Posted by PvM on March 24, 2007 01:03 PM
On Red State Rabble, Pat Hayes shows the vacuity of Dembski’s ‘arguments’. Dembski had blogged on his Uncommon Descent website a quote from Darwin’s Descent of Man. What follows is Pat Hayes fisking Dembski’s comments.
The reckless, degraded, and often vicious members of society, tend to increase at a quicker rate than the provident and generally virtuous members. Or as Mr. Greg puts the case: “The careless, squalid, unaspiring Irishman multiplies like rabbits: the frugal, foreseeing, self-respecting, ambitious Scot, stern in his morality, spiritual in his faith, sagacious and disciplined in his intelligence, passes his best years in struggle and in celibacy, marries late, and leaves few behind him. Given a land originally peopled by a thousand Saxons and a thousand Celts—and in a dozen generations five-sixths of the population would be Celts, but five-sixths of the property, of the power, of the intellect, would belong to the one-sixth of Saxons that remained. In the eternal ’struggle for existence,’ it would be the inferior and less favoured race that had prevailed—and prevailed by virtue not of its good qualities but of its faults.”
Sounds pretty damning, doesn’t it? But is it?
Before we decide, let’s do what Dembski and his readers didn’t. Let’s read the passage in context. Here’s a link to the Project Gutenburg online text of Descent of Man.
As you can see, the first sentence cited by Dembski (The reckless, degraded…) is Darwin summarizing the views of Greg and Galton. The rest of the paragraph is Darwin quoting Greg.
Does Darwin do this because he agrees with Greg and Galton? No. He cites their arguments in order to refute them. They argue that if evolution were true, the Irish would “multiply like rabbits” and the good frugal Scots would, by their habit of marrying late, become extinct. In effect, Greg and Galton are making a powerful argument against evolution in man.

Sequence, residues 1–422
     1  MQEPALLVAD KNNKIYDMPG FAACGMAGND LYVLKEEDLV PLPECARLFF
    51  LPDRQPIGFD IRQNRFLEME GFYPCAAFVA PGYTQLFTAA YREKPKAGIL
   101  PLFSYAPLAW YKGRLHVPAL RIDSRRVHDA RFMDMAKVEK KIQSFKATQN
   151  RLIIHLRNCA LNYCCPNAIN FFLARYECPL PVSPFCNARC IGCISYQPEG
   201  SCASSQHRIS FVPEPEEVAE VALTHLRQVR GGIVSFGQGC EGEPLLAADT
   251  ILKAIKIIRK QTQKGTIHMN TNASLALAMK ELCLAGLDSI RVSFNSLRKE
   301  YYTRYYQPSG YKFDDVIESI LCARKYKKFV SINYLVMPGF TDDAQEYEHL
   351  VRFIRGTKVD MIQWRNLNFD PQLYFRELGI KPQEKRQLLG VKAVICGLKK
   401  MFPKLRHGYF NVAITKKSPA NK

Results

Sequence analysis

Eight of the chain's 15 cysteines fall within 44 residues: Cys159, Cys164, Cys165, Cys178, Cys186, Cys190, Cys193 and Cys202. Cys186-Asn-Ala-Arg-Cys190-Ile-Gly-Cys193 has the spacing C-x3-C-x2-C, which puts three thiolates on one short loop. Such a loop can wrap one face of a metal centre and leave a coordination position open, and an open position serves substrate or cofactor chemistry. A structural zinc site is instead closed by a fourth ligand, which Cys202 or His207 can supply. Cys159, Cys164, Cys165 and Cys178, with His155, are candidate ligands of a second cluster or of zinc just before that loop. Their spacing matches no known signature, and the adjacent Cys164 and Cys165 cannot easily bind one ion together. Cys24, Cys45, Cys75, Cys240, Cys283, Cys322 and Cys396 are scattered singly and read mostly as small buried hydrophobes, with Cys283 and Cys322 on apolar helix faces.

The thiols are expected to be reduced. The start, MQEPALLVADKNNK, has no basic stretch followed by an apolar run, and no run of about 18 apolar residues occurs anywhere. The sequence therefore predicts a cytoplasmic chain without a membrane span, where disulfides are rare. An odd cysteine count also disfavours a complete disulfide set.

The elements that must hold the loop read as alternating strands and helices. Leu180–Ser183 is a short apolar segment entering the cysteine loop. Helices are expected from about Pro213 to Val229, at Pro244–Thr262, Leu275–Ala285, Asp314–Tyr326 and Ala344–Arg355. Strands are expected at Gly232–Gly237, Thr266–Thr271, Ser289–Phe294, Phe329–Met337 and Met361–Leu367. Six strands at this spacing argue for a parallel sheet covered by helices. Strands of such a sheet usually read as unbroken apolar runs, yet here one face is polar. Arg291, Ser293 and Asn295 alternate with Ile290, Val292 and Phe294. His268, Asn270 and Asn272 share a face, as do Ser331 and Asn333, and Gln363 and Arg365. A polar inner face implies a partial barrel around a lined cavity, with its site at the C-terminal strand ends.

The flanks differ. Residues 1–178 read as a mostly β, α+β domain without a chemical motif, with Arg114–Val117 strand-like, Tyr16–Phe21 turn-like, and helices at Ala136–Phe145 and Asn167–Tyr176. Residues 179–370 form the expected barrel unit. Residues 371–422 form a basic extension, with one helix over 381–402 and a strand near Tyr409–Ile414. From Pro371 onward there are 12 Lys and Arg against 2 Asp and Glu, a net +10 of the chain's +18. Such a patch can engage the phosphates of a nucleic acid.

Darwin goes on in succeeding paragraphs to offer a number of arguments against this line of thinking – which after all, challenges the validity of his theory of evolution.
Nothing in the paragraph, not one word, reflects what Darwin believed.
So perhaps Dembski was trying to be funny but so far his best attempt at ‘humor’ has been ‘farting sounds’. So perhaps Dembski did not really read Descent of Man carefully enough and was just quote-mining it?
Pat Hays ends with some helpful reminders for Dembski
So, here’s our advice to Dembski. To be funny like Colbert, we have to know you’re not serious. In this case, your history of quote mining works against the notion that you expected us to get the joke. We’re left believing that you’re just cynical, and that’s a bad thing in a theologian.
Stick to the fart noises, it’s what you know.
Dembski once remarked that “Theology is where my ultimate passion is and I think that is where I can uniquely contribute”. I have to agree theology is probably the only remaining area where Dembski could attempt to have a unique contribution.